16. Had the 1st spray render guy out today for a quote. Our house is ICF on a 450mm high passive slab with the DPM coming out between the raft and ICF. I was originaly hoping to have the render all the way down to the ground level, but the render guy told me I needed a bead with DPM coming out. With a stop bead and render both sides it doesnt look good which i agree. He suggested brick slip or painted for the DPM down. Has anybody used anything else for ideas?
  17. I need to crack on with our rendering / parging / slurrying. But it looks like there'll be a bit of a nip in the air soon. I have organised a cover for the parged / rendered / slurried area (well, I get moaned at if I get the term wrong ) Should I simply avoid the process in the very cold weather? Or is there some witches potion that we can add to the mortar mix?
  18. Can anyone give me suggestions for covering the rust showing on the corners of our front porch, in the render? I plan to give it a coat of white paint to freshen it up but assume if I just paint over the rust, it will soon show up. Its on most of the corners both at the front of the hosue on the porch and at the back on the kitchen extension. I wondered about Hammerite as better it has a slightly different shade of white than the rust. Or could I then paint over it?
  19. Hi guys, I am looking for a bit of advice on a external wall insulation system and where I can buy it. I am thinking of insulating part of my house and a recent extension (within past 10 years I think) which seems to have shocking insulation, part of the house I would just want to render over and possibly the extension would end up with Marley weatherboard or something on the external. I have seen this stuff going on, it looks very easy to install yet everywhere I look they want to sell and install the product. So, can anyone advise on a system and where I can get hold of it. Thanks
  20. Mr Bitpipe kindly let us look around his build a short while ago and we were very impressed with the render system he'd used - I think it was Parex if I remember correctly. Does anyone have any long-term experience of this system or can recommend a better one? Obviously pretty much everything looks great when it's first done but it's how it lasts over the years that I'm really interested in.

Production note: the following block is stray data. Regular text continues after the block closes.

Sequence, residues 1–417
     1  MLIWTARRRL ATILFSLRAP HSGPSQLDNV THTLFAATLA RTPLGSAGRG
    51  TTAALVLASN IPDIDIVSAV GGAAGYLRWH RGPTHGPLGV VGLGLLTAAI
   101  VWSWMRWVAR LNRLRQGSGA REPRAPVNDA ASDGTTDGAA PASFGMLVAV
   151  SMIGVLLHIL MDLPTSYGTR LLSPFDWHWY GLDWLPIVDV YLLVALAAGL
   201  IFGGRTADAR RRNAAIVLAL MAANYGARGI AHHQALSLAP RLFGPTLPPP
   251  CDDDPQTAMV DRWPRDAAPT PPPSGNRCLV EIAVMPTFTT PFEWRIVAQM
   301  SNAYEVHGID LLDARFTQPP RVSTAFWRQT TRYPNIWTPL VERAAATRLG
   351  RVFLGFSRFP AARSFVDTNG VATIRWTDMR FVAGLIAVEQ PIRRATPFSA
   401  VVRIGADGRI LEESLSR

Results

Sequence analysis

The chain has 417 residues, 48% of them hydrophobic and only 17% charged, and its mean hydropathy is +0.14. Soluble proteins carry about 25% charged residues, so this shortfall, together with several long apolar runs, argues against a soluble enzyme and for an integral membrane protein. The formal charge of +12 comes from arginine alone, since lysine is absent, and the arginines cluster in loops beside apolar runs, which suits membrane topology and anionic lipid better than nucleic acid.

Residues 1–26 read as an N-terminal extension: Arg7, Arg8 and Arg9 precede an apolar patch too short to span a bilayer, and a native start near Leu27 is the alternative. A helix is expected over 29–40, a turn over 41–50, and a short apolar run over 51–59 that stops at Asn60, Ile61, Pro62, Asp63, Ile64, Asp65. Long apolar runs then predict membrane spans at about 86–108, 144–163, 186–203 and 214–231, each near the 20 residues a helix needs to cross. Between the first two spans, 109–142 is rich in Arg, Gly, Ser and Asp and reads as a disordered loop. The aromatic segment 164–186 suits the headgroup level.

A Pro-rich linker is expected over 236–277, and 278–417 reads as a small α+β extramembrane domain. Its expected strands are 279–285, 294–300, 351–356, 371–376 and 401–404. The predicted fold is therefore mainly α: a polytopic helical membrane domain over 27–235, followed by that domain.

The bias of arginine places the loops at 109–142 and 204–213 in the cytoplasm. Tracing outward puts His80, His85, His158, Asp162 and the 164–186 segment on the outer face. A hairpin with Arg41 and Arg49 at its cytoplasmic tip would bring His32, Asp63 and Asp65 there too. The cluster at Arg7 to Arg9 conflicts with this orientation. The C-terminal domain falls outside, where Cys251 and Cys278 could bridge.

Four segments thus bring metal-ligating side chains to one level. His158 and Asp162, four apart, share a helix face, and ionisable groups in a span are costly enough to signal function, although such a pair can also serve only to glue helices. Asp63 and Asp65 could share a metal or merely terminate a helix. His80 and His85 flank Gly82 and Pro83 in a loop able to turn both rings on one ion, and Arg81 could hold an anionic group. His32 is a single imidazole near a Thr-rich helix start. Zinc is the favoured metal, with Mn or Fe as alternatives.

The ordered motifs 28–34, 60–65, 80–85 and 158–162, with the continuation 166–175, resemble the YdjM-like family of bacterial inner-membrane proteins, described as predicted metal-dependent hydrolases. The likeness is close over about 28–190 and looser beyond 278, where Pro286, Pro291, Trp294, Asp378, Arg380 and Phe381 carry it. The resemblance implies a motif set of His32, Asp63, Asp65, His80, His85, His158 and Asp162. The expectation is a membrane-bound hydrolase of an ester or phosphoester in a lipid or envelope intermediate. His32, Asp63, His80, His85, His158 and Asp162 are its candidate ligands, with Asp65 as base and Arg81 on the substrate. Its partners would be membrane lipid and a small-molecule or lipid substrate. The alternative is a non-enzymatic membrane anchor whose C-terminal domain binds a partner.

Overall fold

21. Things have been moving forward last month with the render on the gable wall finished. I think it looks great and so I was able to get it painted as we have had such good weather! Three coats on the new bits and one coat on the rest. And the idiot that I am, I have no photographs of the finished work from up the scaffolding. You will just have to take my word that it looks really good! But with autumn here and winter arriving far too quickly, it was becoming clear that we needed to get some heat into the house. We had had a quote for woodburning stoves for the front and back rooms but it was for over £6k so we said no thanks. After much researching online, it seemed that while we could do it ourselves, we would not be able to certify the work and I found no one was willing to complete a certificate if they had not done the work themselves, understandably, I suppose. A friend recommended one chap who came to have a look. He quoted around £2,300 for a stove, liner, all the trimmings and the certificate. After looking aorund online, I found the same stove for £130 less than he quoted and he was happy to order it for me, and even had it delivered to his address which solved the access issue at ours. So we went with him. And I made sure I was there to watch how it was all done. Before the installation, he told me I had to raise the hearth by about an inch to comply with regs. I managed to remove the tiles, only breaking a few (they had been there for years!) but as we had found a pile of spares in the cellar I was not too worried. So after buying a bag of self leveling compound, I set about edging the hearth with some wood and after mixing it up, poured a bucketful of the compound onto the old hearth. I guess I should have realised that the wood round the edge would not work very well as it was sitting on tongue and groove. Groove being the problem! It was like that chap who tried to keep the tide back.......As fast as I sponged it into the hearth, it seeped out again. Luckily it started to set after 10 mins and after I pushed kitchen paper into the gaps, it stopped seeping out. And I guess thats part of the learning curve! I returned the next day and mixed up another bucketful and this lot stayed within the wood surround but it was too thick and dried uneven. By the third bucketful, I think I had it right. Not too runny and not too thick. It leveled out up to the top of the wood surround and I was happy to lay the tiles ontop. However, when laying the tiles, I ended up being two short! After visits to several tile shops and quite a few telephone calls I discovered its quite hard to buy hexagonal quarry tiles of that thinkness. But I was not deterred! I bought another tile of a similar colour and after making a cardboard template, I was able to cut two tiles from the one larger one and fit them in. Due to the variable colouring of the tiles, I dont think anyone will even notice. Particulaly as they will be under the stove. We will need to edge the whole hearth evenually but thats a problem for another day. Our intention is to have bamboo flooring thoughout the ground floor and we may try to edge it with something similar. So the chaps came on wednesday and after providing tea/coffee and biscuits (and toast for elevenses) in large amounts, they seemed happy enought answering all my questions. And to be fair, I think we made the right decision to get the professionals in. Following instructions from Online sites and YouTubes would not have been enough and we would not have been able to install it as well. so we now have a working stove! Unfortunatly due to circumstances, we were not able to light it till today so I was quite excited to finally get it going. And with the drop in temperatures outside, the house is really starting to feel cold. And later we enjoyed our first lunch sitting in front of the fire. The OH had been busy making a log store using a load of featheredged boards that I had found in a skip. Theyre around 3 ft long and they filled the car boot. so for the price of four lengths of treated timber for the frame we now have a great store outside for when we get more logs. Picture to follow of the finished article - I was too busy gazing into the fire! Things learnt - slef leveling compound does not go very far. It took two bags for that small area. And when doing the budgeting, I did not include costs for things like the compound and the adhesive for the tiles - all of which will add up to quite a lot by the time we finish the house. They are more expensive than I thought.